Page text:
Unsurprisingly, a book involving this subject matter is going to raise some interesting issues. First and foremost, not only was the book written by a white woman, but Lina, another white woman, was the driving force behind the story. That's obviously problematic when the subject of a book is about slavery and a black woman's voice being silenced by a white woman. Most of the other well-developed characters were white, including Dorthea, Caleb, and Jasper, a possible descendant of Josephine and a potential lead plaintiff (and potential love interest for Lina). Dresser, the client behind the lawsuit, is black, but although he has strong personal convictions about suit, he's also only doing it because it's politically expedient. Consider one of his quotes:
We would not be the world's superpower today if we had not had two hundred and fifty years of free, limitless labor on which to build our economy... What were their names, Dan? They were our founding fathers and mothers just as much as the bewigged white men who laid the whip against their backs. Isn't it time this country made the effort to remember them?
Then this one:
"I've gotten confidential confirmation that, after we file the suit, the government will issue a formal apology for slavery... We'll pull the government claim and then the feds will ut some pressure on our corporate defendants to settle... It's a nice distraction, you know, atone for the sins of the past, maybe divert attention away from the perceived sins of the present. But it's the deep pockets we're concerned with here. The government gets to look like the good guy, and we get some real weight behind us."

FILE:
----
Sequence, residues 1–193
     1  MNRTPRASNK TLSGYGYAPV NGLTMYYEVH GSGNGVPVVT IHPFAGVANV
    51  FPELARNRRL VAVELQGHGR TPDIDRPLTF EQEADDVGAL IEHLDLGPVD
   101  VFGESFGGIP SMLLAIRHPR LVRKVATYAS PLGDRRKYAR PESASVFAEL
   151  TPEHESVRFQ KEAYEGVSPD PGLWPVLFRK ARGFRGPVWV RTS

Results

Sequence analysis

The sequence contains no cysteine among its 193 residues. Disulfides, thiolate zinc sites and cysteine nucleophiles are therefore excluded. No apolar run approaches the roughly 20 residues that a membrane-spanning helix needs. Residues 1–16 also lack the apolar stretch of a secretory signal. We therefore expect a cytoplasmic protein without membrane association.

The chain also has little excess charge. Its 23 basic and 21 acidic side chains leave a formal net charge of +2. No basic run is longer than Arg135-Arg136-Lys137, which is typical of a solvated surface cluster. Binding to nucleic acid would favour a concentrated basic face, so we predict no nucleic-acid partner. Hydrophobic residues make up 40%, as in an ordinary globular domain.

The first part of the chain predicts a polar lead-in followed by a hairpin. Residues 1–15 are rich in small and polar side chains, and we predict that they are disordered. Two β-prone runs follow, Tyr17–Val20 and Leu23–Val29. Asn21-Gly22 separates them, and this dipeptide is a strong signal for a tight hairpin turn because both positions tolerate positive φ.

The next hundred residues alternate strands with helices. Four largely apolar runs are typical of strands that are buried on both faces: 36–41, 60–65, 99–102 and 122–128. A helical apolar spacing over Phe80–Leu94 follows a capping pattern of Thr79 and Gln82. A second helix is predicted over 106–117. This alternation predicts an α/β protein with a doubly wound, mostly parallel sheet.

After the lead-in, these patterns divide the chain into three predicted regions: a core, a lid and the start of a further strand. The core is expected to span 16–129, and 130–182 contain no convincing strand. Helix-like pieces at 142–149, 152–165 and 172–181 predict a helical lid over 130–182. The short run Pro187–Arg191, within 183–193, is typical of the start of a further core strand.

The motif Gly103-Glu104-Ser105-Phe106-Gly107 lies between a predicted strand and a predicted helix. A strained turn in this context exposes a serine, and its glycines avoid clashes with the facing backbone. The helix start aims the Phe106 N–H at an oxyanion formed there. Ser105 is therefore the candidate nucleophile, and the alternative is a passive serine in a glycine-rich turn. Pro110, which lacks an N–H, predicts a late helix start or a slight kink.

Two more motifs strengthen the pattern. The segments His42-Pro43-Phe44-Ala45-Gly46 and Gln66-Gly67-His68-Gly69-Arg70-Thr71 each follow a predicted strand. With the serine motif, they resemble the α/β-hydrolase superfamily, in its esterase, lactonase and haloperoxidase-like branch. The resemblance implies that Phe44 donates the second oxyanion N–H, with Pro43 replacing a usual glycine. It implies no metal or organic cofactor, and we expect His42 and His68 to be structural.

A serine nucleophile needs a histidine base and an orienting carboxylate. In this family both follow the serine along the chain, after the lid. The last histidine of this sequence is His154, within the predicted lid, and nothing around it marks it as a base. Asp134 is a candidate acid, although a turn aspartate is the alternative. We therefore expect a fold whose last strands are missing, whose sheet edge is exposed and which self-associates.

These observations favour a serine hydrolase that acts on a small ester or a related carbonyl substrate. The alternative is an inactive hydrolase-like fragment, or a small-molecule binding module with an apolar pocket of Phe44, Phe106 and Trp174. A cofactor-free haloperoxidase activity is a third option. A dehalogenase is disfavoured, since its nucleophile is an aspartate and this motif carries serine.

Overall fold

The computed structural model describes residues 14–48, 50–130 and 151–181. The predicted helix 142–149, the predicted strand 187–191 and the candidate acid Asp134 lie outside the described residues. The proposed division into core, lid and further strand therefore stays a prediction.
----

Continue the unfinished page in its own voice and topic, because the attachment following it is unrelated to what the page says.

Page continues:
Since the book is set in 2004, one of the major "perceived sins of the present" was, of course, Abu Ghraib. So the only real person of color in the contemporary part of the story is not only not very fleshed out, but also at least a little amoral regarding the subject. It also strikes me as a bit problematic that the potential face of the effects of slavery today was not only white (technically about 1/64th black), but had no idea that he had a black ancestor or that said ancestor was a slave.